Aurora officer says paramedics responsible for Elijah McClain’s death

The Denver Gazette published an article after a legal battle over a court filing showing experts testifying that McClain died from a ketamine injection, not a carotid artery.

DENVER — Nathan Woodyard, one of three Aurora Police Department officers accused of causing the highly publicized death of Elijah McClain in August 2019, asked a judge to dismiss the charges against him.

Woodyard’s attorneys say Woodyard’s actions could not have killed McClain, in part because Woodyard was not near McClain when paramedics gave McClain a high dose of ketamine.

This was all revealed in court documents first obtained by the Denver Gazette.

In mid-April, after requesting all documents related to the McClain case for the past few months, Gazette reporter Julia Cardi received a few dozen documents from the Adams County Clerk’s Office.

“When I got home and started going through all the files for the past two months, I realized there were a few that needed to be deleted,” Cardi said in an interview with 9NEWS. .

RELATED: Medical Experts Told Grand Jury Ketamine Caused Elijah McClain’s Death, Records Say

One of the documents supposed to be deleted or sealed was a motion from Woodyard’s attorney to dismiss the charges.

“They present evidence based on testimony from medical experts who told the grand jury…that their opinions were that the ketamine injection was the primary, if not the only, cause of Elijah McClain’s death,” Cardi said. .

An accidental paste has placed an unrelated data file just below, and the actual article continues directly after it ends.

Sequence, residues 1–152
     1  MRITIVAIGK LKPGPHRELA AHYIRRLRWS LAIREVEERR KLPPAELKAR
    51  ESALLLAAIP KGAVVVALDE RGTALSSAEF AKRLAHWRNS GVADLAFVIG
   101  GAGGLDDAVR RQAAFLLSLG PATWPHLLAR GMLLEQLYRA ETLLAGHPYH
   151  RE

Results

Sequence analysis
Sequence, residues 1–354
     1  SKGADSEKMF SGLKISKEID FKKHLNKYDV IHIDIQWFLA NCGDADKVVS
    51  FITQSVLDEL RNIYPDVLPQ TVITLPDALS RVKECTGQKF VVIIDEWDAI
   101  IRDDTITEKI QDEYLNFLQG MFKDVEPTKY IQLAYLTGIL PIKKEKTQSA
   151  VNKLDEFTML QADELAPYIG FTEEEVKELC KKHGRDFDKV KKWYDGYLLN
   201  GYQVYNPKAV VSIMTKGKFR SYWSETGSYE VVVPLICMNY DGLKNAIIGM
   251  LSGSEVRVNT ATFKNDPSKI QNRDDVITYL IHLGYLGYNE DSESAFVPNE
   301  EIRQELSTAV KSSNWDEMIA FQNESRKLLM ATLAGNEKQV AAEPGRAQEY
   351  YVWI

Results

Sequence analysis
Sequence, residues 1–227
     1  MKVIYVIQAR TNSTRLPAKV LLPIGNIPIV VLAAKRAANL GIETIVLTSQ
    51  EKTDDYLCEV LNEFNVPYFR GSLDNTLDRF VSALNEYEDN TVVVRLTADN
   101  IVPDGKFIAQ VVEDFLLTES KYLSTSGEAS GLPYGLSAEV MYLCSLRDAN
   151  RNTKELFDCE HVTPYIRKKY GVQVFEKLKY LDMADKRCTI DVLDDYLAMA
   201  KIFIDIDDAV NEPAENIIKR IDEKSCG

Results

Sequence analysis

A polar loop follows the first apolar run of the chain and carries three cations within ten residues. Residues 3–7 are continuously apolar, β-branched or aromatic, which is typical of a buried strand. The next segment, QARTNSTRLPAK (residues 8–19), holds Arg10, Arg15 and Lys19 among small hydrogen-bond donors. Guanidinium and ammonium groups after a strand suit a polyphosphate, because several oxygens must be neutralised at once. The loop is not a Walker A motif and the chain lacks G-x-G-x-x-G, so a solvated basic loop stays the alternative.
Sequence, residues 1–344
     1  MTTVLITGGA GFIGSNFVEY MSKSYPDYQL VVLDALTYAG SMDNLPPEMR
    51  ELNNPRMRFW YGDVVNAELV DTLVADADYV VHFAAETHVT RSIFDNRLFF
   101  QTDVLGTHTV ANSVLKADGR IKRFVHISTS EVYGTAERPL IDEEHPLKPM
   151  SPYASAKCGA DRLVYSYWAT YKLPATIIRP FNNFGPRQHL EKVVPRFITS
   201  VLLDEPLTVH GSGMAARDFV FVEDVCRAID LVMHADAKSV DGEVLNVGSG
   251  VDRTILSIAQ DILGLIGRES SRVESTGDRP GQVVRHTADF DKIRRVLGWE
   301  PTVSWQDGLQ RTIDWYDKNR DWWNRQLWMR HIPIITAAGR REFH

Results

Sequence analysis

The story was to be published on the Gazette website on Tuesday. But just before that happened, trial judge McClain banned the Gazette from publishing the story, saying it would jeopardize the concept of grand jury secrecy and the defendants’ right to a fair trial. In legal terms, the judge imposed what is called a “prior hold”.

“It’s just considered a really aggressive form of censorship that’s presumptively unconstitutional,” Cardi said.

Three days later, after a challenge by the Gazette, the judge reversed his order and said they could publish on Monday. And they did. Cardi said it was a victory for the public’s right to know and for the First Amendment.

“Even in cases of national security or competing constitutional interests, the Supreme Court is very reluctant to allow advance restraint,” Cardi said.

In addition to Nathan Woodyard, two other Aurora police officers and two Aurora paramedics face a total of 32 criminal charges, including manslaughter and criminally negligent homicide, in connection with the death of McClain.

All five are due back in court in August for a status hearing.

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